Edited to add: The plans show 19.5 inches from countertop surface to underside of upper cabinets.
    Last edited by charlie b; 12-21-18, 10:38 AM.

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  • grich
    replied
    Originally posted by al hildenbrand View Post
    Based upon your description, Charlie, it sounds like the cord, at the side of the crock pot, was a line to neutral short.

    The activity at the receptacle was probably a "series" event of a small point of contact between male and female that "fused", i.e., melted like a fuse element at the higher current in the short, giving rise to a plasma that would boil the metal to gas which would redeposit itself as the black mark.
    Dang...you're faster typing them I am.

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  • grich
    replied
    Since the cord was almost burned through entering the crock pot, that is likely the failure point, due to fatigue from being wiggled going from place to place. That's my wild guess.

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  • al hildenbrand
    replied
    Based upon your description, Charlie, it sounds like the cord, at the side of the crock pot, was a line to neutral short.

    The activity at the receptacle was probably a "series" event of a small point of contact between male and female that "fused", i.e., melted like a fuse element at the higher current in the short, giving rise to a plasma that would boil the metal to gas which would redeposit itself as the black mark.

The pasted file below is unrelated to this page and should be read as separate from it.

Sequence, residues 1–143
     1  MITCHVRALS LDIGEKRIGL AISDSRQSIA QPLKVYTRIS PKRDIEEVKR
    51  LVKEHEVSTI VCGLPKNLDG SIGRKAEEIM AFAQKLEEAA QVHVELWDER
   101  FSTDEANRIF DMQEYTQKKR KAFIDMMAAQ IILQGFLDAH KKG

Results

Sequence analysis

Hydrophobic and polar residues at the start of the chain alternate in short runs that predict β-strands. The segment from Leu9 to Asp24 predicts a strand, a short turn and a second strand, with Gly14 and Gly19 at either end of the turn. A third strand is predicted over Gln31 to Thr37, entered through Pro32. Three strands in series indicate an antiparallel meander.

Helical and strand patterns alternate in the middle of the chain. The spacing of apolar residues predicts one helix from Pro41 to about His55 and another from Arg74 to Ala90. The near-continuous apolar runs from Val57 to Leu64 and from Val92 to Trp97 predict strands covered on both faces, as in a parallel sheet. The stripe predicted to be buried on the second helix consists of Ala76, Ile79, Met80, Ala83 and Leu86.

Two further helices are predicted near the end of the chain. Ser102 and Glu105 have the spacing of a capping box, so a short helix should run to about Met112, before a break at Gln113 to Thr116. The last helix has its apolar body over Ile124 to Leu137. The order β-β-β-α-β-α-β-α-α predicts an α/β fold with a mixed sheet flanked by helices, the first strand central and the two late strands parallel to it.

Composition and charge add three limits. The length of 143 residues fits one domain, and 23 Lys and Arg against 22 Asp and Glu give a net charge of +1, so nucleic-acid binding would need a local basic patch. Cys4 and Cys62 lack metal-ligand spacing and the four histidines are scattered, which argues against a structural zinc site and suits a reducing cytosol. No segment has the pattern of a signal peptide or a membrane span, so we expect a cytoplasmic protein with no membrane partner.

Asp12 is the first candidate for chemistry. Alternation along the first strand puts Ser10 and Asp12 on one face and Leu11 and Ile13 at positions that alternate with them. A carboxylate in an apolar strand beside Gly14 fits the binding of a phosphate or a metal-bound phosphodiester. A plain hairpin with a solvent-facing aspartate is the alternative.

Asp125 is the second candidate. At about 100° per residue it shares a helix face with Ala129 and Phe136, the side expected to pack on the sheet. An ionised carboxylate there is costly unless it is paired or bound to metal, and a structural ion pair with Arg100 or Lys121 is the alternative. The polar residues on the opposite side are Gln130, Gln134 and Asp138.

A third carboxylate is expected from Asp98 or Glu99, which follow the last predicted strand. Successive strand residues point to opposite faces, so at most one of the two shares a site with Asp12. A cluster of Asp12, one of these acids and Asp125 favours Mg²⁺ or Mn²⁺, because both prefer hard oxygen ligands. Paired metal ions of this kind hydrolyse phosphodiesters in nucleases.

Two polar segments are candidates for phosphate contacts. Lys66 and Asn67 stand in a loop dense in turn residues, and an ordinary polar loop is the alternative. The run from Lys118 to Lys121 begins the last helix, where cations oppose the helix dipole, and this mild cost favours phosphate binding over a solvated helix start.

Leave a comment:


  • K8MHZ
    replied
    I would have done and autopsy.

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  • grich
    replied
    Originally posted by charlie b View Post
    That's what I think. But I didn't do an autopsy. I am calling it a natural ending due to old age. We've had that crock pot for at least 15 years.
    15 years? That's adolescence for a crock pot. Our wedding gift crock pot is still going strong after 37 years.

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  • kwired
    replied
    Originally posted by ptonsparky View Post
    Too bad you didn't have AFCI protection it would have been nice to see if things tripped. Pull that crock pot back out of the trash and hold onto it for a few weeks.
    He said breaker tripped though. Probably on magnetic trip function. Presumably AFCI breakers have thermal magnetic function also.

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  • ptonsparky
    replied
    Too bad you didn't have AFCI protection it would have been nice to see if things tripped. Pull that crock pot back out of the trash and hold onto it for a few weeks.

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  • ptonsparky
    replied
    Originally posted by charlie b View Post
    That's what I think. But I didn't do an autopsy. I am calling it a natural ending due to old age. We've had that crock pot for at least 15 years.
    You are aware that old age hasn't been an accepted explanation for end of life since the late 50s?